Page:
President Donald Trump has extended his executive order banning US companies from working with or buying telecommunications equipment from companies deemed a national security risk until May 2021, via Reuters.
While the ban doesn’t explicitly call out specific companies, it’s been used to virtually shut down US operations with Chinese companies like Huawei, which can no longer sell products in the US or work with companies like Google or ARM for critical software and licenses.
The White House issued its original executive order almost a year ago, barring US companies from doing business with Huawei due to national security concerns about the Chinese firm supplying equipment for network infrastructure (particularly as the US undergoes its ongoing rollout for 5G).
But since the order was issued in May 2019, the full ban hasn’t actually taken effect yet. While Huawei hasn’t been able to work with companies like Google on new devices, the company has gotten a series of temporary general licenses from the Commerce Department that have allowed it to still support existing hardware with software updates.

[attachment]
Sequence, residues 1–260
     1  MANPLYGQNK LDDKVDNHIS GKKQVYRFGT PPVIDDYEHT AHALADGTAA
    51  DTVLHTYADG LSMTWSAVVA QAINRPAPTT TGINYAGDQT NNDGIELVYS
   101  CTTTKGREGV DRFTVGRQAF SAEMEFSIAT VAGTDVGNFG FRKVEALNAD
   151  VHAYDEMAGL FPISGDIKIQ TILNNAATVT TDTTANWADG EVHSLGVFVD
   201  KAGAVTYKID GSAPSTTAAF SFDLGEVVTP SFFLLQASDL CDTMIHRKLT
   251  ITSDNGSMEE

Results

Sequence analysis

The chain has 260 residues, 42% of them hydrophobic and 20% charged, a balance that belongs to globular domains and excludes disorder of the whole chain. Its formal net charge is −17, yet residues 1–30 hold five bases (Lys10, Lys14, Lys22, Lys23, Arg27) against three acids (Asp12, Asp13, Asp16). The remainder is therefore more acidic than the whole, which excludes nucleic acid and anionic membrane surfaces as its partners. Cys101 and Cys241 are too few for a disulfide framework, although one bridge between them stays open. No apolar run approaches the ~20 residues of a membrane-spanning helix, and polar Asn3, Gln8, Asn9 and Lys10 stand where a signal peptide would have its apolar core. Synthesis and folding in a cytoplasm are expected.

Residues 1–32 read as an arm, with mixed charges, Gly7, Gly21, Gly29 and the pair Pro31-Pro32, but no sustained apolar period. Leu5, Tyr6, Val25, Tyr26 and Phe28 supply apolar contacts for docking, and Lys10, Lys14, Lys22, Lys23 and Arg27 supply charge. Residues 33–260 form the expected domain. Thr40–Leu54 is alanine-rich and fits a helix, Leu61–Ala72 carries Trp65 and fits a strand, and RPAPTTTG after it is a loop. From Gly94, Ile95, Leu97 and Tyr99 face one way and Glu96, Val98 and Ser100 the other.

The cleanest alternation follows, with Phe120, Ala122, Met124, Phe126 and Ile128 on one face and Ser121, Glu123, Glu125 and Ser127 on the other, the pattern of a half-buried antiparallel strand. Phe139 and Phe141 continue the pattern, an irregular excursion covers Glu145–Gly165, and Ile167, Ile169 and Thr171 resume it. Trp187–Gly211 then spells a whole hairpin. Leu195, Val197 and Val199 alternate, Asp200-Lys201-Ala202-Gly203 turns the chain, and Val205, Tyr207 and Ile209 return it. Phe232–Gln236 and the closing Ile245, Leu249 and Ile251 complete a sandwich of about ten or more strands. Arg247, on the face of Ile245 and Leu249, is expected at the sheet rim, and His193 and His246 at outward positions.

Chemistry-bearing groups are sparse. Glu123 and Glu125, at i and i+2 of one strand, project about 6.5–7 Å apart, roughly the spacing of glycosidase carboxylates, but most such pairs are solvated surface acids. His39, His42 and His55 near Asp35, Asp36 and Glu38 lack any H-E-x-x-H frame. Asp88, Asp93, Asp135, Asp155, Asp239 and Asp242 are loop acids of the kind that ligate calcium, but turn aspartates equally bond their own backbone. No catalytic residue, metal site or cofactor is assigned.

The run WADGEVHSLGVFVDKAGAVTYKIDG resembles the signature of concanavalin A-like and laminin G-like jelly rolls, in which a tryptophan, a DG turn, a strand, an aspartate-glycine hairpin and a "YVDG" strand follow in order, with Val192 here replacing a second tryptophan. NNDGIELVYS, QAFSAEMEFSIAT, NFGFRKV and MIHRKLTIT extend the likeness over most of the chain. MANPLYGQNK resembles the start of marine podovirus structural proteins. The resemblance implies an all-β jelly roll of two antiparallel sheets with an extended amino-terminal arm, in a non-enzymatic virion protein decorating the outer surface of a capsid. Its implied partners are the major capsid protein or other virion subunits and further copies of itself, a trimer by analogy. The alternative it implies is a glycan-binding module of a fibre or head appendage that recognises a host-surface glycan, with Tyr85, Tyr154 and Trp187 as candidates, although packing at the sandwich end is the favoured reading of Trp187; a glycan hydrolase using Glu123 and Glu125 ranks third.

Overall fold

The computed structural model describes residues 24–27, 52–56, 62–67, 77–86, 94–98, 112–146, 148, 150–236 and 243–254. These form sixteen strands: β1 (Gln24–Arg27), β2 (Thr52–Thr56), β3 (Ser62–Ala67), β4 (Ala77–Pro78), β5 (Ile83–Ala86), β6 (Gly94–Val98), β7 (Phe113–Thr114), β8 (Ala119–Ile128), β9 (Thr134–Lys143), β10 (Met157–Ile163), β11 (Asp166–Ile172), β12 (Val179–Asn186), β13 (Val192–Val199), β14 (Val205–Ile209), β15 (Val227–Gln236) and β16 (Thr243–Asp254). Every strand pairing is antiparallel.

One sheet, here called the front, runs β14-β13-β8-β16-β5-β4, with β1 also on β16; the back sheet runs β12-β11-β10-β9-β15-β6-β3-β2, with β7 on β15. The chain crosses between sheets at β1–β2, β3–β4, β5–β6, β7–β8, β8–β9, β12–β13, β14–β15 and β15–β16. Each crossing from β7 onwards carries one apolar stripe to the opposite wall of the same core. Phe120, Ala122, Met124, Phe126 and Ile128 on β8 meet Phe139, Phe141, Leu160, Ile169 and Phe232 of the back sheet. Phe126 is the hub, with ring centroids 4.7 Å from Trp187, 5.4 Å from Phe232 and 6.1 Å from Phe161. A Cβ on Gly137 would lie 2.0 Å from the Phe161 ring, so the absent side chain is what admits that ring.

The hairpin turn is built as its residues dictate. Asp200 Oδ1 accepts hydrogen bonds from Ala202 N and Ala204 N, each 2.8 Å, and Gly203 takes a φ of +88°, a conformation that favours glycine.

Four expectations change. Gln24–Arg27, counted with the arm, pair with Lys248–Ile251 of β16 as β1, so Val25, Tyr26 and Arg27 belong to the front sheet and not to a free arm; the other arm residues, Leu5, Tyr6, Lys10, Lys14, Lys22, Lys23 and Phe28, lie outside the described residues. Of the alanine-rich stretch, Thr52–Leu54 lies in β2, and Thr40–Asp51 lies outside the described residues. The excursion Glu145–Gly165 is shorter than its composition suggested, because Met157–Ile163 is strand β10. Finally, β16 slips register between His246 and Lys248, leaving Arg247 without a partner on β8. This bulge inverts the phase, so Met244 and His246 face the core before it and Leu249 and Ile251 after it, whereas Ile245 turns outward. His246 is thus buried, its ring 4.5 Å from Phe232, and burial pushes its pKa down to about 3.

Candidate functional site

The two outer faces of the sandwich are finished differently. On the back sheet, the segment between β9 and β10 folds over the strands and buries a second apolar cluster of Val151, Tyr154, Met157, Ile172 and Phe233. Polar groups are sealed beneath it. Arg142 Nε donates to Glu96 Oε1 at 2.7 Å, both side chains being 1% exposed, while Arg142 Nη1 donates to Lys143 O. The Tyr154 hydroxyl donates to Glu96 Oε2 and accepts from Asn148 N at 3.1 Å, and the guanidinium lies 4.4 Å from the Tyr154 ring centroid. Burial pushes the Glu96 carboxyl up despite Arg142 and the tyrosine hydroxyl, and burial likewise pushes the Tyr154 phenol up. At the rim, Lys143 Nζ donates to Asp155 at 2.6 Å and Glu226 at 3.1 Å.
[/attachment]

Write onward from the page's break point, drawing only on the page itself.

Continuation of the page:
That state of affairs may be about to change: after receiving extensions in May, August, November, and March, the most recent 45-day extension for the temporary license agreement is about to expire on May 15th. Neither Huawei nor the Commerce Department has indicated yet whether another extension of the temporary license will be granted.
Correction September 11th, 4:05pm: ZTE is not currently banned from business in the United States; it is still deemed a “threat to national security” by the FCC, which bars telecommunications providers from using government subsidy money to purchase ZTE equipment. This article originally included it alongside Huawei as being banned from US sales and licensing. We regret the error.